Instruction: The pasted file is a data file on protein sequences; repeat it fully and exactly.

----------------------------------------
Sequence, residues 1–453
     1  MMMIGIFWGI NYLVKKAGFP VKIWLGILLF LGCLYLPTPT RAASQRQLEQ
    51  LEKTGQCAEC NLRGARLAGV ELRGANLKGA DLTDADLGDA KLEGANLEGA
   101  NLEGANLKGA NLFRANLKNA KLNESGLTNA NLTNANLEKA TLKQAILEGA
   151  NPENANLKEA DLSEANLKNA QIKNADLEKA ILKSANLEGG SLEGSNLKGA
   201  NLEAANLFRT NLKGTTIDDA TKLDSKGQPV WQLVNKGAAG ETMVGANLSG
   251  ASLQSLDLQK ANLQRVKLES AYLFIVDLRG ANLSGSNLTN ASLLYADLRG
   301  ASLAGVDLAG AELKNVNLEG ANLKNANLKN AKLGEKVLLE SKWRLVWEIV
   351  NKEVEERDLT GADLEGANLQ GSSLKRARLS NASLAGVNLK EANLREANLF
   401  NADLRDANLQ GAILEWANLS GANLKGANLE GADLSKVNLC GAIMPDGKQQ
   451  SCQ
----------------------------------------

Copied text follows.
Sequence, residues 1–453
     1  MMMIGIFWGI NYLVKKAGFP VKIWLGILLF LGCLYLPTPT RAASQRQLEQ
    51  LEKTGQCAEC NLRGARLAGV ELRGANLKGA DLTDADLGDA KLEGANLEGA
   101  NLEGANLKGA NLFRANLKNA KLNESGLTNA NLTNANLEKA TLKQAILEGA
   151  NPENANLKEA DLSEANLKNA QIKNADLEKA ILKSANLEGG SLEGSNLKGA
   201  NLEAANLFRT NLKGTTIDDA TKLDSKGQPV WQLVNKGAAG ETMVGANLSG
   251  ASLQSLDLQK ANLQRVKLES AYLFIVDLRG ANLSGSNLTN ASLLYADLRG
   301  ASLAGVDLAG AELKNVNLEG ANLKNANLKN AKLGEKVLLE SKWRLVWEIV
   351  NKEVEERDLT GADLEGANLQ GSSLKRARLS NASLAGVNLK EANLREANLF
   401  NADLRDANLQ GAILEWANLS GANLKGANLE GADLSKVNLC GAIMPDGKQQ
   451  SCQ